December 16, 2017

Stream Temperature Project

Contact: Jeff Simmons, Mount St. Mary’s University,

Initiated: 2010

RBAST: Riparian Buffers Affect Stream Temperatures – Phases  I & II

The primary objective of this project is to quantify the extent and nature of change in stream temperature regime caused by the presence of vegetated riparian zones (with respect to streams with no riparian vegetation). Secondary objectives are to 1) identify the components of the energy budget that have the greatest influence on stream temperature over a wide geographic range, 2) determine the best methods for managing stream temperatures, 3) examine the implications of harmful temperature regimes on biota, and 4) establish a dataset of baseline stream temperatures at each of the study sites.

The experiment compares a Forested stream reach (full canopy cover, 80 – 200 m in length) with a nearby or adjacent Open stream reach (80 – 200 m in length) with no tree or shrub canopy cover at several different sites around the U.S. Thus, it is a paired design with replication among sites. The main dependent variable will be the mean change in temperature (∆T) over the length of the reach. By using the ∆T we avoid the problem of climate differences among sites and by using short reaches with few inputs we minimize the effect of land-use at the large scale. Other dependent variables (that will be calculated from the raw temperature data at each location) will be daily mean temperature, daily maximum temperature, daily minimum temperature, mean daily range, degree days per year, mean net heat load per meter.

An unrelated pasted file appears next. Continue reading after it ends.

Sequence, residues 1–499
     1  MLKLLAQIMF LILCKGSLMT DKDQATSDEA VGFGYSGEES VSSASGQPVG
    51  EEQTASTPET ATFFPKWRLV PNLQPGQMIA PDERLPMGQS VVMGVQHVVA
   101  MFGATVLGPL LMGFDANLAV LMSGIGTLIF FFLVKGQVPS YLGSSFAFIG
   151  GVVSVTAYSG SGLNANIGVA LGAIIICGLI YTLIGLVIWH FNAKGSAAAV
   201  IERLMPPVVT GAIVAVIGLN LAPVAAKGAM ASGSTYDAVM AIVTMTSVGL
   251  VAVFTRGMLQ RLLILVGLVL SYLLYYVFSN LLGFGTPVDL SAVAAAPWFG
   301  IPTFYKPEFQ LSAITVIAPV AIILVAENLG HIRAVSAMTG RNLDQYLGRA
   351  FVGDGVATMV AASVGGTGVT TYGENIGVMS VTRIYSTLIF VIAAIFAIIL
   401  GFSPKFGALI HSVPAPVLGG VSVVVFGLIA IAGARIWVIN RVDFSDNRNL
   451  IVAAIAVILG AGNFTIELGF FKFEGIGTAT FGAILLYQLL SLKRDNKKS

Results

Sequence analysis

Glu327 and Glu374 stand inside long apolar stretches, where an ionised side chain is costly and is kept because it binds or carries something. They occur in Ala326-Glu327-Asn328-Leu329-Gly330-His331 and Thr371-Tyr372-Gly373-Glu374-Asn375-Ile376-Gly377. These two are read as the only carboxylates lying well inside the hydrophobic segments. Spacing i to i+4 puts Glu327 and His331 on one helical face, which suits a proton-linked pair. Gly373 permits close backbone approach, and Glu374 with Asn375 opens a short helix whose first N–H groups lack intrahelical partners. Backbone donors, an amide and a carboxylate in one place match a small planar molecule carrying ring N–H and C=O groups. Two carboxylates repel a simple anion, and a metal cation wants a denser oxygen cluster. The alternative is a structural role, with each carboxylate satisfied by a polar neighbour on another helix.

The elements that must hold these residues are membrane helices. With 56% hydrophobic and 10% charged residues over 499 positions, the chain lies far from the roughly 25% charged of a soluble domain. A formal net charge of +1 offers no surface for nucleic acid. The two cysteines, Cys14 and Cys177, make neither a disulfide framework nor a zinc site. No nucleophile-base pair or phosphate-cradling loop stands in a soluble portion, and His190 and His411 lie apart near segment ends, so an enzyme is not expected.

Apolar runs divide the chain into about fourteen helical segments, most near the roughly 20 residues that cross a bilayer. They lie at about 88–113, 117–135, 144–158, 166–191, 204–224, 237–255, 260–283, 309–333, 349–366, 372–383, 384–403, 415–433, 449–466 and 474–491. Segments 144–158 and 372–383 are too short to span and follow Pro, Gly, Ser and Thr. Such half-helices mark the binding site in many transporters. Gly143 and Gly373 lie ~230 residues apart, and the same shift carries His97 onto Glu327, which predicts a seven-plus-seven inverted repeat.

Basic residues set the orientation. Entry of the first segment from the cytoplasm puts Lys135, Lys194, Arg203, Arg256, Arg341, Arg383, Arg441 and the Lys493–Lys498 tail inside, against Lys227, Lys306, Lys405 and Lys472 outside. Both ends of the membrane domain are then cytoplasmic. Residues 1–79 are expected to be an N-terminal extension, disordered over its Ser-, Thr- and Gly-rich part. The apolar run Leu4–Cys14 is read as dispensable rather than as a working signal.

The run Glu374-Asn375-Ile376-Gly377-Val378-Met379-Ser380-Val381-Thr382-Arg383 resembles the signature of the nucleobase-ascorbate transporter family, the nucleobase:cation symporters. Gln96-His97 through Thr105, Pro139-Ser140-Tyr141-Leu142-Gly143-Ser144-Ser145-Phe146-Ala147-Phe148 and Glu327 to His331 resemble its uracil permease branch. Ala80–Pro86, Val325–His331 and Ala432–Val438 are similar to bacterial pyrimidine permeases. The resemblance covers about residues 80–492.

Phase I of this study consisted of a 4-month sampling period (1 June 2011 to 30 September 2011). A manuscript is currently being written based on these results.  Phase II runs from 1 October 2011 to 30 November 2012.